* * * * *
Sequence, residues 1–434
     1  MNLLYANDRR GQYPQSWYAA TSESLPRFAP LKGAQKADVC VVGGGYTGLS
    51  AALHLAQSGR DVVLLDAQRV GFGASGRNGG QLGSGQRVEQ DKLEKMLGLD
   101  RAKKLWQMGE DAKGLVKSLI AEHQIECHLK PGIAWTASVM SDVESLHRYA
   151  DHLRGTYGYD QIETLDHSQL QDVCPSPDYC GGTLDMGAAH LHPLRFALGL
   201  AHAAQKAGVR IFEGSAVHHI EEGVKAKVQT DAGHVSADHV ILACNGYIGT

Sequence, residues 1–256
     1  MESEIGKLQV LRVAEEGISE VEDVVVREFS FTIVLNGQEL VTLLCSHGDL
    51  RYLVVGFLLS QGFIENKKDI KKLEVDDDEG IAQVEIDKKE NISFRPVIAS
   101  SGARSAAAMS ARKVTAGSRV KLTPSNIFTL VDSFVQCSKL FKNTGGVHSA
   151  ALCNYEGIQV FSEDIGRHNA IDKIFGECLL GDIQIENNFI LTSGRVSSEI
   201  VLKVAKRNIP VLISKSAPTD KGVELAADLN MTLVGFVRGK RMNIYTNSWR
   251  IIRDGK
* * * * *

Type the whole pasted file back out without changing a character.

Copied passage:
Sequence, residues 1–434
     1  MNLLYANDRR GQYPQSWYAA TSESLPRFAP LKGAQKADVC VVGGGYTGLS
    51  AALHLAQSGR DVVLLDAQRV GFGASGRNGG QLGSGQRVEQ DKLEKMLGLD
   101  RAKKLWQMGE DAKGLVKSLI AEHQIECHLK PGIAWTASVM SDVESLHRYA
   151  DHLRGTYGYD QIETLDHSQL QDVCPSPDYC GGTLDMGAAH LHPLRFALGL
   201  AHAAQKAGVR IFEGSAVHHI EEGVKAKVQT DAGHVSADHV ILACNGYIGT

Sequence, residues 1–256
     1  MESEIGKLQV LRVAEEGISE VEDVVVREFS FTIVLNGQEL VTLLCSHGDL
    51  RYLVVGFLLS QGFIENKKDI KKLEVDDDEG IAQVEIDKKE NISFRPVIAS
   101  SGARSAAAMS ARKVTAGSRV KLTPSNIFTL VDSFVQCSKL FKNTGGVHSA
   151  ALCNYEGIQV FSEDIGRHNA IDKIFGECLL GDIQIENNFI LTSGRVSSEI
   201  VLKVAKRNIP VLISKSAPTD KGVELAADLN MTLVGFVRGK RMNIYTNSWR
   251  IIRDGK